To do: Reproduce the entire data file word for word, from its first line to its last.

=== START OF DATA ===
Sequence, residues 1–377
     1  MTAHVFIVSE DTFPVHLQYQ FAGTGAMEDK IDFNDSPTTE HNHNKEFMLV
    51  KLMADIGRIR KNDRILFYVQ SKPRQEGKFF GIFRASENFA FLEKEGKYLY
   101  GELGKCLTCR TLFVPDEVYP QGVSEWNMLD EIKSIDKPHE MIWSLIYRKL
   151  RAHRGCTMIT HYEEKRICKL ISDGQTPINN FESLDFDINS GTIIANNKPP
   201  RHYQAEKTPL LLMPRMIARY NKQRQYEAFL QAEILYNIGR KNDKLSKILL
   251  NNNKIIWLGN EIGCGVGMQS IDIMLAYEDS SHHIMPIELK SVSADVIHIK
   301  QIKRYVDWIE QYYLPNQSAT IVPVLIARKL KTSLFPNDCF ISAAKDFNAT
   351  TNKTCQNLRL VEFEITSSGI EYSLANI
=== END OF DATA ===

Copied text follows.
Sequence, residues 1–377
     1  MTAHVFIVSE DTFPVHLQYQ FAGTGAMEDK IDFNDSPTTE HNHNKEFMLV
    51  KLMADIGRIR KNDRILFYVQ SKPRQEGKFF GIFRASENFA FLEKEGKYLY
   101  GELGKCLTCR TLFVPDEVYP QGVSEWNMLD EIKSIDKPHE MIWSLIYRKL
   151  RAHRGCTMIT HYEEKRICKL ISDGQTPINN FESLDFDINS GTIIANNKPP
   201  RHYQAEKTPL LLMPRMIARY NKQRQYEAFL QAEILYNIGR KNDKLSKILL
   251  NNNKIIWLGN EIGCGVGMQS IDIMLAYEDS SHHIMPIELK SVSADVIHIK
   301  QIKRYVDWIE QYYLPNQSAT IVPVLIARKL KTSLFPNDCF ISAAKDFNAT
   351  TNKTCQNLRL VEFEITSSGI EYSLANI